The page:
Sunday, July 11, 2010
A Biblical Scholar's First Impressions of Israel VI: Masada
For the first-time visitor, one of the most striking things is just how strongly Herod's presence can be felt, something that might be said for several other places in Israel, Jerusalem, of course, and Caesarea in particular. You can imagine Herod (who in my mind is always played by Peter Ustinov) feasting there, with his imported fish and his fine wines. You can see where he bathed, Roman style, and you can see the large storehouses. Remarkably, several of the frescos survive from Masada, and you can see good quality reproductions in situ as you walk around, and then look at the real things in the museum afterwards.
Of course the story you are going to witness is the one of the rebels and the Roman siege, and being at Masada does enable you to re-imagine elements of something that previously you've just read about, or seen in the 1981 film starring Peter O'Toole. You can see the part of the walls where the Roman siege made entry, and there are sling shots piled up not far away from the same site.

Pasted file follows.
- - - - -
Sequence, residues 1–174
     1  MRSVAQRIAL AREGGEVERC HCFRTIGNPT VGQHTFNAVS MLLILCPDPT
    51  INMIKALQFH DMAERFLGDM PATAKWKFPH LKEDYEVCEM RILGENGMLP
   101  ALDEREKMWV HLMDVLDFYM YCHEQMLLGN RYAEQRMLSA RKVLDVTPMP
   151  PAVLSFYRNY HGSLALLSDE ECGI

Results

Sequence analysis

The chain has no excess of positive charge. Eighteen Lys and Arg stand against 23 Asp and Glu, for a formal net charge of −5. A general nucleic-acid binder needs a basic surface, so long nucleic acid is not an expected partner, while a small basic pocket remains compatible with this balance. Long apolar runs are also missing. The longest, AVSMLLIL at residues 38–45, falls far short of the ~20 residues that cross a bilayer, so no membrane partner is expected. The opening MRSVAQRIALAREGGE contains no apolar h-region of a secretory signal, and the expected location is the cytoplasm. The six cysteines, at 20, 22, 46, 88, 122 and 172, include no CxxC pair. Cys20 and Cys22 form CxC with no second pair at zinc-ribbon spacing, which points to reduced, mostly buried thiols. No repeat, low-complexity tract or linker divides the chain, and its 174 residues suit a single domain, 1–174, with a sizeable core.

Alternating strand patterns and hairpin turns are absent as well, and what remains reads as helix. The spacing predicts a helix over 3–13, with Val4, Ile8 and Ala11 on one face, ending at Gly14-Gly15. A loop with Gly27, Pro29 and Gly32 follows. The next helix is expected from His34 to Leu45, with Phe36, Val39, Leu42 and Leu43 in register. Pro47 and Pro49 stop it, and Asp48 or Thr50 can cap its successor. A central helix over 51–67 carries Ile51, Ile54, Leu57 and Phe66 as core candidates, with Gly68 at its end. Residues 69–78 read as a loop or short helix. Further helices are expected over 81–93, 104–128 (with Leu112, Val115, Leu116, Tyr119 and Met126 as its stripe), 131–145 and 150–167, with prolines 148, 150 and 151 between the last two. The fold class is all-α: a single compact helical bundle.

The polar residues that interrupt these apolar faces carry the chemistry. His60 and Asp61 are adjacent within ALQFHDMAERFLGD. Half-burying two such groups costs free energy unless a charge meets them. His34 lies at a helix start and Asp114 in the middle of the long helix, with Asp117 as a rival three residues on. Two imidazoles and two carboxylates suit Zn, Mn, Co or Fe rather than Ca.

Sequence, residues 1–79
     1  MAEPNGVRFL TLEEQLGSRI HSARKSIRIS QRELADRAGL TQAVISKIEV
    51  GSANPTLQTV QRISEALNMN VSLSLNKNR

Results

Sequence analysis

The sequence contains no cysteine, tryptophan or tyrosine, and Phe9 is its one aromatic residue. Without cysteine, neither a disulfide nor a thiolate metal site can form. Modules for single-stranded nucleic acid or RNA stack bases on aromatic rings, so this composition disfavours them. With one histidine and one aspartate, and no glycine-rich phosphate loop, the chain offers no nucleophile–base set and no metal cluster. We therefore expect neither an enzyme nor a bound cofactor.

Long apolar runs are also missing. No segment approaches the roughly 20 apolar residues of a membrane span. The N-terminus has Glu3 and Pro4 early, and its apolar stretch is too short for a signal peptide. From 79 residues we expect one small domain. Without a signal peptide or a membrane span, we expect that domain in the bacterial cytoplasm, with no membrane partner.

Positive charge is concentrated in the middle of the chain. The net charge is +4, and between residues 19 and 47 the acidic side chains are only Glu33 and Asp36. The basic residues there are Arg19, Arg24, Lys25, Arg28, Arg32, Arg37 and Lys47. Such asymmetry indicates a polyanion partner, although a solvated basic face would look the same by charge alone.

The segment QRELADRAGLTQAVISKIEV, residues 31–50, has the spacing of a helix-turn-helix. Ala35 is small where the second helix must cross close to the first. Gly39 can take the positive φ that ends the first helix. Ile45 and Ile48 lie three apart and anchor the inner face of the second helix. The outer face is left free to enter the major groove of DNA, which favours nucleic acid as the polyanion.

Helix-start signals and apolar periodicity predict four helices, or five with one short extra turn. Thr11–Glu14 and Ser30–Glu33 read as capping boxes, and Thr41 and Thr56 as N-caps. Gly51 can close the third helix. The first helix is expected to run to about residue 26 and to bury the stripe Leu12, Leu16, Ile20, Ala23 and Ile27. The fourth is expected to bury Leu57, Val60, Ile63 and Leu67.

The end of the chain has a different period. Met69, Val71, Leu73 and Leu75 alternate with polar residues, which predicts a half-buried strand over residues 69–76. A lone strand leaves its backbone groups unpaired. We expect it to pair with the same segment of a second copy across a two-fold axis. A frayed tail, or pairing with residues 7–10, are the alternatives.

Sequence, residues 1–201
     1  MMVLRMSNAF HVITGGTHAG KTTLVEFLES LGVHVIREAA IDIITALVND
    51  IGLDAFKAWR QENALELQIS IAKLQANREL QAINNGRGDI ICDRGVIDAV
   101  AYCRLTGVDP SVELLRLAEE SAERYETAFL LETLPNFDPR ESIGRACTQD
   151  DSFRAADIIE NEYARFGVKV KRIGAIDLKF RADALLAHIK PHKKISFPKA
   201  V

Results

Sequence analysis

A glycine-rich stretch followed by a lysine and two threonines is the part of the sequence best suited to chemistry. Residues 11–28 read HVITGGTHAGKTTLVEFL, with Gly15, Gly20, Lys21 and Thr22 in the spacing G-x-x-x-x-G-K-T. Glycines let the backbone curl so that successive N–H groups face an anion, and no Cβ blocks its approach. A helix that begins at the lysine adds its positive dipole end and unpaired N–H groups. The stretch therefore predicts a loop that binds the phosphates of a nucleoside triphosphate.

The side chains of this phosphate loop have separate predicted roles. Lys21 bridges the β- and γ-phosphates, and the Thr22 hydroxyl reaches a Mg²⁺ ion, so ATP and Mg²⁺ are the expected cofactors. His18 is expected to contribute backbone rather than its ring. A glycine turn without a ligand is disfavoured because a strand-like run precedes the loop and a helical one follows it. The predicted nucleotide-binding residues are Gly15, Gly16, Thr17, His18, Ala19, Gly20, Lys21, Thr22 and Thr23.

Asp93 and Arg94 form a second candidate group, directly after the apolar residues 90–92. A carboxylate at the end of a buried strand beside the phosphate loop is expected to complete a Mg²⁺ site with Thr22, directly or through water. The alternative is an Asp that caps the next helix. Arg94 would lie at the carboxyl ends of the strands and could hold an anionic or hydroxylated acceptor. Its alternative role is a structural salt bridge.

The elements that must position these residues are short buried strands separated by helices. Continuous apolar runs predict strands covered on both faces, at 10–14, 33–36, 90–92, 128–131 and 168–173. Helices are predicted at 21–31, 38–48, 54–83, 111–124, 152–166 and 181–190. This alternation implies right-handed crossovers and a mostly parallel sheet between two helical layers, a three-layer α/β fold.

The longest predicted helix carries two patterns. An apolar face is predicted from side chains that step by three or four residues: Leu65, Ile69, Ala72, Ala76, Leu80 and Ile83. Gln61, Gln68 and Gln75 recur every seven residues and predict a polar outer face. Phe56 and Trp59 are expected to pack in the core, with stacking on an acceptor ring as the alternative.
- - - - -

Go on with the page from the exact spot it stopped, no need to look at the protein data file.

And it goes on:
On the day we went, it was absolutely roasting up there, and the heat was enough to keep us on our toes in getting round the key sites before we passed out. I am afraid that we did not go up and down the pathway. I am not great with heights and it was very, very hot, so instead we enjoyed the cable-car ride with its fantastic views. At the bottom, after pouring lots of cold liquids down our throats, we took in the museum at a leisurely pace and found it fascinating, not least seeing an original flip flop, a lock of hair and a comb from Masada. Seeing the ostraca on which the names were scribbled, and which may have been used for the drawing of lots before the mass suicide, provides a remarkable way of imagining the events of 74 CE.